Universities can no longer afford to be ivory towers but must become "supply-driven" by students, Higher Education Minister Bill Rammell said during a visit to the West Midlands yesterday.

 Flexibility was vital if they were to succeed in the vital task of increasing Britain's skill base and face the competition from emerging economies, he added.

 Mr Rammell emphasised the need to do things "radically different" during a conference of university leaders at the University of Warwick.

 "It is not a given that Britain remains the fourth largest economy in the world," he said.

 "We have to strive for it and work towards it. A failure to increase higher education participation would be bad social policy and crucially bad economic policy.

 "We have to be prepared to be radically different in how we change to meet the needs of students."

 Mr Rammell said it was unacceptable that still too many people did not see higher education as an "opportunity for people like them".

 Therefore, transforming how it was delivered would be vitally important in the future.

 "We can't expect to persuade everyone to consider higher education if we don't change our models.

 "The more flexible approaches will give more people an opportunity to learn when and where and in ways that meet their particular learning needs.

 "Provision has to be supply-driven. In the past potential students may have been able to express a choice but it was the supplier that chose students.

 "The assumption was that study was driven by university needs rather than student needs. That model doesn't fit at all. We live in an age where service providers should provide flexibility not uniformity."

 Against this background, two-year "compressed" degrees were an option that needed to be considered, said the Minister.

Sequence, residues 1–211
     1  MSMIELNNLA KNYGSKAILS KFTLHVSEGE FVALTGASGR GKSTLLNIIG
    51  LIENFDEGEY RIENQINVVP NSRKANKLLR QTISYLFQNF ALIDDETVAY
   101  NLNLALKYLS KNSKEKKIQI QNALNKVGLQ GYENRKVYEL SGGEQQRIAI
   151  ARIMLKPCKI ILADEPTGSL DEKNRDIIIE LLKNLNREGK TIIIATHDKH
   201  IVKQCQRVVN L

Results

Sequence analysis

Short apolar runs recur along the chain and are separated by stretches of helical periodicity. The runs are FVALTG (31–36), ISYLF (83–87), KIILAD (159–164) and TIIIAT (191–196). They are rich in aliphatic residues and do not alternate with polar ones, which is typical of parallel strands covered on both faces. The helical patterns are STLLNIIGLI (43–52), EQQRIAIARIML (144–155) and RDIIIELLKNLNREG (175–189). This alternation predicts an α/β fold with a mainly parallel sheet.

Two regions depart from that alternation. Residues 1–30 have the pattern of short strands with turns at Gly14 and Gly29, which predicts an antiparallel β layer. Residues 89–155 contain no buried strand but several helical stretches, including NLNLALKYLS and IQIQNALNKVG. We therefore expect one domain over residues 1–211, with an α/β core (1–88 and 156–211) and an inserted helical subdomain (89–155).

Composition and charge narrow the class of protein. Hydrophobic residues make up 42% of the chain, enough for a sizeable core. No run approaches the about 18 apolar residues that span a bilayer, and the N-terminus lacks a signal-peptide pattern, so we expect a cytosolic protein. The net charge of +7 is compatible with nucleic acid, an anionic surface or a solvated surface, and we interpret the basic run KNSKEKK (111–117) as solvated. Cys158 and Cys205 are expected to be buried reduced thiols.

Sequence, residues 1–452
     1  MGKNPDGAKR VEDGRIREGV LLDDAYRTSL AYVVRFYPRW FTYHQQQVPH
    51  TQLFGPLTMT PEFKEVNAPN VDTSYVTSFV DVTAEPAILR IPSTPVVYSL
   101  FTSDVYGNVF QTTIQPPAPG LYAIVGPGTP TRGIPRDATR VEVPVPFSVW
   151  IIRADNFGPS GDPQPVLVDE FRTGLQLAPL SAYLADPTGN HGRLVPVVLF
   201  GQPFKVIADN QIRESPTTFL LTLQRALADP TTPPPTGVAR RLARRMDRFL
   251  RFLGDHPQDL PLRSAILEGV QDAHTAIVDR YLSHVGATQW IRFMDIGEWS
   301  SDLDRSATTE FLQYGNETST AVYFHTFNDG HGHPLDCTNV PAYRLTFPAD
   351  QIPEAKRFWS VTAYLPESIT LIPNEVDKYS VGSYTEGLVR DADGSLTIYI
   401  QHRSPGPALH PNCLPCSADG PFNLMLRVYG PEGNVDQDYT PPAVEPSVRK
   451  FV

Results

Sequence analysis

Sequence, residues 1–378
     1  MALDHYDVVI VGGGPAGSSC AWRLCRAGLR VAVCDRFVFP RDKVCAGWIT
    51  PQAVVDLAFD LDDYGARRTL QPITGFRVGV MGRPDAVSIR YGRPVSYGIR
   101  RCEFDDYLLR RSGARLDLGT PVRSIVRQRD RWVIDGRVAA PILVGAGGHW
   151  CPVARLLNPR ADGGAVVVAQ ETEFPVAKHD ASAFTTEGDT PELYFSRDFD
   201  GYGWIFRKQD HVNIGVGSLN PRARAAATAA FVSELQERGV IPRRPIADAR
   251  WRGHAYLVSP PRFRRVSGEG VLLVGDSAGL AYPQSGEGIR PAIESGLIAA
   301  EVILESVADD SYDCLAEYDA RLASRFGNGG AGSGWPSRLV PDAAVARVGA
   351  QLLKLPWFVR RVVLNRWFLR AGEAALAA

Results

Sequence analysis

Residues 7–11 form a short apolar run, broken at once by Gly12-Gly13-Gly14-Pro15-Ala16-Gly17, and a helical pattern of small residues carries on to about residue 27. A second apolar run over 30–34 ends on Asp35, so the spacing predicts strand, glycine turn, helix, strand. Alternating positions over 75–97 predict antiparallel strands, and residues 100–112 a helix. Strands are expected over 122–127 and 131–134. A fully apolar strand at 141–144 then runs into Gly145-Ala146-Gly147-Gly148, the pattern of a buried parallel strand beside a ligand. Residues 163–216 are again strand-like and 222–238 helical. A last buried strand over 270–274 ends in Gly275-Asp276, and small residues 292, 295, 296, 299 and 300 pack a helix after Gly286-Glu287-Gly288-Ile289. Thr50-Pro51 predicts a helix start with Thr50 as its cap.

Trials will start in September at Staffordshire University, the University of Derby, University College Northampton, Leeds Metropolitan University and the University of Kent.

 A greater emphasis should also be placed on colleges of further education as venues for degree level education, said Mr Rammell.

 "In many instances FE colleges offer the only access route to higher education. They may be more attractive for students seeking a small-scale environment."

 This September sees the introduction of tuition top-up fees tripling the annual amount universities charge students from #1,175 to #3,000.

 Critics including the National Union of Students claim this will deter people from entering higher education, particularly those from poorer backgrounds.

 The Government says the move was necessary to plug a #10 billion funding shortfall in the sector.

 It maintains its reforms will encourage more to enter higher education by removing up-front payment of fees and making repayment linked to salary upon graduation.

 "The previous Government failed to face up to the financial realities that the sector was facing," said Mr Rammell.

 "By contrast we have faced up to the politically difficult decisions. We have invested in higher education and we have provided stability. We have introduced a system that is skewed to those who need it the most."

 Mr Rammell refused to comment on industrial action over pay by lecturers including a boycott of coursework that threatens to prevent students graduating this year.

 Unions claim university bosses are failing to pass on the extra money from increased tuition fees to lecturing staff.

 "The level of pay is a matter of negotiations between the universities and the unions," said Mr Rammell.

 "It doesn't help anyone if the Government interferes in that."